- The Washington Times - Thursday, May 4, 2017

Leaders of the Muslim world have been reaching out to President Trump seeking closer cooperation to combat radical Islam, setting the stage for the president’s upcoming trip to Saudi Arabia, senior administration officials said Thursday.

Some of the outreach, they said, was spurred by frustration with the U.S. disengagement under President Obama, as well as a dissatisfaction with growing unrest in the region.

In the trip to Saudi Arabia, home to the two most important mosques in Islam, Mr. Trump will meet with leaders of the Muslim world seek to establish a framework for confronting radicalism that has destabilized the region for generations.

“There is a moment in time here with a genuine willingness to work together and with the united states,” said a senior official.

The objective the White House outlined for the trip included:

* Finding a long-term fix for radicalization;

* Taking action to stop the funding of terroist organizations;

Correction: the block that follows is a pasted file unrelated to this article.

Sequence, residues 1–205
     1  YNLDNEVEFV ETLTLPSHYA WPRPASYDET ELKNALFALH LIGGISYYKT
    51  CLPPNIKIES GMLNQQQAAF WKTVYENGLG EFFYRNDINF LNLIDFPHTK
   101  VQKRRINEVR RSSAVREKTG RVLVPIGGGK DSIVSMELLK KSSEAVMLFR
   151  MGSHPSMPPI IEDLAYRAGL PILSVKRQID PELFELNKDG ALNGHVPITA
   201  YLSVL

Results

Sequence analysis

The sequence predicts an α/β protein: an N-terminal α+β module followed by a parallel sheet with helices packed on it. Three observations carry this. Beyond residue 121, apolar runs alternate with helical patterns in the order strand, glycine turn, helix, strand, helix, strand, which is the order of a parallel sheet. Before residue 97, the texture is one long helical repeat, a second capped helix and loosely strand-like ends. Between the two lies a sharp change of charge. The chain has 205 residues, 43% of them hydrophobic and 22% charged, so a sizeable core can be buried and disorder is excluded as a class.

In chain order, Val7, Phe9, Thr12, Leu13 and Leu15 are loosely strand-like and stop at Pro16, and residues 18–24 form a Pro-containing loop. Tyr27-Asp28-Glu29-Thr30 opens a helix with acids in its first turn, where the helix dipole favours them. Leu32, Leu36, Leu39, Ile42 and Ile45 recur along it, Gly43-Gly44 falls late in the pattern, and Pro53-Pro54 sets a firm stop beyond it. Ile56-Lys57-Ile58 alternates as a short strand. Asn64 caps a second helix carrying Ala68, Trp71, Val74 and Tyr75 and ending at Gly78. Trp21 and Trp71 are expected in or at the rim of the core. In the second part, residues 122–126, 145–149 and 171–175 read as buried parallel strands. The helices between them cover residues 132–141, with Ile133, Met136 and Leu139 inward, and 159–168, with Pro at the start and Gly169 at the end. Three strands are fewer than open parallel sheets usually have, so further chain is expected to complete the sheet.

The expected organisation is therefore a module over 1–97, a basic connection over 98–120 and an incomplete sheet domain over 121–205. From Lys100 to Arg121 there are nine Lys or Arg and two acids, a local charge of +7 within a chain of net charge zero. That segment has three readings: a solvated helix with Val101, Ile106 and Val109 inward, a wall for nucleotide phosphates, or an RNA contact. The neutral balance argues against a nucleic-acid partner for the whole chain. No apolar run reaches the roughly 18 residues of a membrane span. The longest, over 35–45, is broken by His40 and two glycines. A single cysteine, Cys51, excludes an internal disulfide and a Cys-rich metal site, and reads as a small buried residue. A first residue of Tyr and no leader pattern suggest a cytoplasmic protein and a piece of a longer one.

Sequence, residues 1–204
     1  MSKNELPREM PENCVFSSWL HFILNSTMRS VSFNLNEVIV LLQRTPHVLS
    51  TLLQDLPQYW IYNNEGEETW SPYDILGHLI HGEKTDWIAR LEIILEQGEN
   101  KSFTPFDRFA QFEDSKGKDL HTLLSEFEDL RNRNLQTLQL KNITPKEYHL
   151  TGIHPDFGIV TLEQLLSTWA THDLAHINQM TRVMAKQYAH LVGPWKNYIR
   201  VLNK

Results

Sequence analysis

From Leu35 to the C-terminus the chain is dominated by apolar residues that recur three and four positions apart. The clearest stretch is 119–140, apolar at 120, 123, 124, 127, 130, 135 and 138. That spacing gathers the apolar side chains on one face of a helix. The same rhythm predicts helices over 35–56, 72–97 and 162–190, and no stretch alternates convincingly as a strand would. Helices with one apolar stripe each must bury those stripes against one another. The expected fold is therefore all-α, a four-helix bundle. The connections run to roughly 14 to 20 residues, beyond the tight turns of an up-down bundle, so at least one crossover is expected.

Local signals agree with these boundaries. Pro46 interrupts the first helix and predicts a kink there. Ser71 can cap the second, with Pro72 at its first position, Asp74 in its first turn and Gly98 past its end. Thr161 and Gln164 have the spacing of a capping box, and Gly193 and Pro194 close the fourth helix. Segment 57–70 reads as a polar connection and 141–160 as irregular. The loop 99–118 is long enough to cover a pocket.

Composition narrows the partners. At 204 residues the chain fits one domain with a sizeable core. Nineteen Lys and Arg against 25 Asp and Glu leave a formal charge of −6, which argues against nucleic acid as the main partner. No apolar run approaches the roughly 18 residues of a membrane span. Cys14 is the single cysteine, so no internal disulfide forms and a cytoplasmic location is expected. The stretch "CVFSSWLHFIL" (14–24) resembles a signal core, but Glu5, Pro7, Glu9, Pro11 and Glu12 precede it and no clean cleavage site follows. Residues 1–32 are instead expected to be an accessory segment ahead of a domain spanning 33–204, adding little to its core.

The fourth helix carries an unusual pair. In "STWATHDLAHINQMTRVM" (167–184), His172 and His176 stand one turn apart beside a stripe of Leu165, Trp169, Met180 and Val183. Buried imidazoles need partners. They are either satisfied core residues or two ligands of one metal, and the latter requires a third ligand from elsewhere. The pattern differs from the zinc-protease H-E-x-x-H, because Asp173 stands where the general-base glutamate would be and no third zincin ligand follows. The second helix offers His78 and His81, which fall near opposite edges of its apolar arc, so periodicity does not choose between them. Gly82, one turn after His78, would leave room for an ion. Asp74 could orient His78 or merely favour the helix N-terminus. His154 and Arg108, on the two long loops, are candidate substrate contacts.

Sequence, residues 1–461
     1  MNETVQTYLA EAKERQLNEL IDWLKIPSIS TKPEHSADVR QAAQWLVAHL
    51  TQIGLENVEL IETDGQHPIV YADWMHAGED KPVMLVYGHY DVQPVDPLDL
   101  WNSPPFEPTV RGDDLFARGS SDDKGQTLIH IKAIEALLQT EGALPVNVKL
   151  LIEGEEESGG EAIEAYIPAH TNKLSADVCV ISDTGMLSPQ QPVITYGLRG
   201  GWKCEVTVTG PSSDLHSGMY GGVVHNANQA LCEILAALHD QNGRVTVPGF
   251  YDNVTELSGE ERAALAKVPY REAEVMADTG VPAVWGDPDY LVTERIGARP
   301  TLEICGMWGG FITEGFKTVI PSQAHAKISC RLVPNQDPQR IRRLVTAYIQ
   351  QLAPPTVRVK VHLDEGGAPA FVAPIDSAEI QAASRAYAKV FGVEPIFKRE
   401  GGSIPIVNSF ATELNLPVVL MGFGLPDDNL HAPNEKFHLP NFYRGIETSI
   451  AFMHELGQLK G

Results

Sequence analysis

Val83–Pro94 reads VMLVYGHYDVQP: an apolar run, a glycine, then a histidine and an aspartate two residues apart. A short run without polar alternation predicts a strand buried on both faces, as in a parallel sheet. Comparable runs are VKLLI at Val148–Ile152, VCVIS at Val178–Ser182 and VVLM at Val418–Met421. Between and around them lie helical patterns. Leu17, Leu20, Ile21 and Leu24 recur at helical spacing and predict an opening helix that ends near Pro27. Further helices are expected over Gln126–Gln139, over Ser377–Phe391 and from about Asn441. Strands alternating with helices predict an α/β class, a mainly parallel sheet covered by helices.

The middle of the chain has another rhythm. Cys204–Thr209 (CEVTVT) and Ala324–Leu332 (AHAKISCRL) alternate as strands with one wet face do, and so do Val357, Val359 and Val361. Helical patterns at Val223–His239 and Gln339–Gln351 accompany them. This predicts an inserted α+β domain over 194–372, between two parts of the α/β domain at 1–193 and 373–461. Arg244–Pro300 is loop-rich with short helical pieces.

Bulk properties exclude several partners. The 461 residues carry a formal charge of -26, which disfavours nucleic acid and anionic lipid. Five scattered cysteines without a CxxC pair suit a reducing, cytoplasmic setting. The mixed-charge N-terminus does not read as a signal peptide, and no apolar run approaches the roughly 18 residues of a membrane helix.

* Countering the influence of Iran and the Islamic State;

* Increasing the share of the security burden among Middle East nations.

“Our partners have an ability to do a lot more in the region,” said an official.

The trip also will further demonstrate that Mr. Trump’s “America First” agenda “is fully compatible with American leadership in the world,” said another senior administration official.

The visit to Saudi Arabia is the first stop in a trip that includes meetings in Israel and at the Vatican, as Mr. Trump seeks cooperation among the major religions of the world.

The visits will precede the president’s travel to a NATO summit in Brussels, Belgium, and to Sicily for a meeting of the G-7 nations.

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